Hits and Misses - a sourdough journey
I recently posted a picture of my active sourdough starter on Facebook and Instagram. The reaction from friends was surprising. EVERYONE is into sourdough these days and many were seeking my advice!
I am certainly not an expert based on the number of hits and misses I've had. However, I do know that getting the starter going is more simple than you’d think.
Last year I learned that rye makes a particularly good starter because there are more natural yeasts hanging onto the rye flour. I recently read an article about the over-processing of food including wheat flour. Though I don’t know, I suspect rye flour doesn’t go through the same heating and separating processes that wheat flour goes through. Frankly, I’ve had very good luck with wheat flour in the past, but thought I’d try out some rye.
Here’s what you need to get started: flour, water, time -- and eventually you'll need salt -- and more time. That’s all!
Day 1, I started with ¼ cup rye flour and ¼
On day 2, I added two TBS whole wheat flour and two TBS water.
On day 3, I removed some to my discard container and repeated with 2 TBS rye and water. It’s important to discard some each day (there are many uses for it), but if you don’t discard some, then the newly introduced flour is diluted by what’s already in your starter.
On day 4, I discarded again and added wheat again.
A good way to tell if your starter is activating is to place a rubber band on the outside of your container, marking the top of your starter. If your starter is active, later in the day or the next morning you will see that the top of your starter has risen significantly and there are visible bubbles on the sides and from the top.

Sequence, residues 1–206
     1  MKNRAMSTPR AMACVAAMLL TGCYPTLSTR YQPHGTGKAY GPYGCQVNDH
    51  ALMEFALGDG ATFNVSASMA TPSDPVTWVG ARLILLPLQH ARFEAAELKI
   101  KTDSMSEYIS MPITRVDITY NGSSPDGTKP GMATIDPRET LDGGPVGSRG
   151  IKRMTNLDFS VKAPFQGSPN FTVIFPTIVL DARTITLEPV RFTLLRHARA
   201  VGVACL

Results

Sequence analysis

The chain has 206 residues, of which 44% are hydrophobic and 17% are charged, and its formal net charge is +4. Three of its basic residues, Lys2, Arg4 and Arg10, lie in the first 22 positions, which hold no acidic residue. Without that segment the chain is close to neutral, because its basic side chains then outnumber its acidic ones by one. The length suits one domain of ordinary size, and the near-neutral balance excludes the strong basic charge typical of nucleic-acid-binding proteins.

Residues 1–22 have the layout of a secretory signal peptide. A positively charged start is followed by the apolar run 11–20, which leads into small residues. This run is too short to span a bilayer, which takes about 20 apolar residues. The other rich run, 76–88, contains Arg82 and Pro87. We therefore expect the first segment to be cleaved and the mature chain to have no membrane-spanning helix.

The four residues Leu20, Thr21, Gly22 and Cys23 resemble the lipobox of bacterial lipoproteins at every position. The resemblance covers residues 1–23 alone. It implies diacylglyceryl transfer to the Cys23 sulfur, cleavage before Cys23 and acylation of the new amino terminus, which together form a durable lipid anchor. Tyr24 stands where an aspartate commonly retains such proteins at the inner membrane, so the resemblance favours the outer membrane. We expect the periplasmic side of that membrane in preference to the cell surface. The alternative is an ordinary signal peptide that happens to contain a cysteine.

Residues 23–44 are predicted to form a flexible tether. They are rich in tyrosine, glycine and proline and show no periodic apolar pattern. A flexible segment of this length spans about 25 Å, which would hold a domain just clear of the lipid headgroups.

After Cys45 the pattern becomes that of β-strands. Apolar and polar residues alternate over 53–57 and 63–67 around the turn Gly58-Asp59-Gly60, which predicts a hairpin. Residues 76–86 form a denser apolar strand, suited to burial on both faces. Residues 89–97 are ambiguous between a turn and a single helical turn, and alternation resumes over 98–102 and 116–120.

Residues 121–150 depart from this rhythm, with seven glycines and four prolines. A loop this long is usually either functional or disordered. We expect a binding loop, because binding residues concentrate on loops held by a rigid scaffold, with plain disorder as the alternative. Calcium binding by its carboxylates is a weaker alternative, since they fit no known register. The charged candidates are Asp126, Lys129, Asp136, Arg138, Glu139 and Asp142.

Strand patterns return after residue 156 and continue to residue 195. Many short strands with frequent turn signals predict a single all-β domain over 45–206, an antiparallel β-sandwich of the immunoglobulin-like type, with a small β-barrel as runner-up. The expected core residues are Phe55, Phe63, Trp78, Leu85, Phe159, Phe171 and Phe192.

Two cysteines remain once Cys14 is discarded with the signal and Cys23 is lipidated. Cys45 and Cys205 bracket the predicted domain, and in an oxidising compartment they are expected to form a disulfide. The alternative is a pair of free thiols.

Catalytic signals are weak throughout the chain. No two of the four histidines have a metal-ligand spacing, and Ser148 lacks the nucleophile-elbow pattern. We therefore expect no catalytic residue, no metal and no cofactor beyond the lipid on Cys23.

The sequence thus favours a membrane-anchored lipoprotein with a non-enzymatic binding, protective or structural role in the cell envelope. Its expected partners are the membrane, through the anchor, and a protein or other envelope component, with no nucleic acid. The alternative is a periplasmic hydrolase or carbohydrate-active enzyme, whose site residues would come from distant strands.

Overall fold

Until I started writing this memoir of my sourdough experience, I had forgotten how many times I have made it. I’ve had quite a few hits and misses. But even the misses are delicious soup breads. They generally have a crispy crust and a chewy center. Very French bread-like. And not as sour as some of the yeast augmented "sourdoughs" that I’ve bought in a grocery store.
My most recent success was from a recipe by www.breadbossescourse.com . I bought my bannetons and lame from them and have been very satisfied with my purchases – and I get nothing for having shared that information with you -- I just like making links. Check them out! The recipe they demonstrate is somewhat tedious with a fold every hour for 5 hours. But if you’re at home under lockdown, you have the time. And assuming you have a timer, each fold only takes a moment. That bread came out the lightest of all sourdoughs I have ever made.
I have not invested in a dutch oven. I have enough kitchen gadgets and don't have space for more. My heated pizza stone (a kitchen gadget I already had) in the oven works well and I trap the steam by placing my turkey roaster top as a cover for 15 minutes. Works like a charm!
Things I’ve learned during this process are:
Patience, patience, patience. Good things are worth waiting for!
Always check the oven before turning it on to be sure you don’t have some dough rising inside it.
Beeswax cloth, once melted onto a bowl at high temperature because you didn’t check the oven, is a bear to remove!
If at first you don't succeed, try it a different way! In every "failure" there is a learning experience.
Man does not live on bread alone, but it sure would be nice if we could.
Be kind to yourself!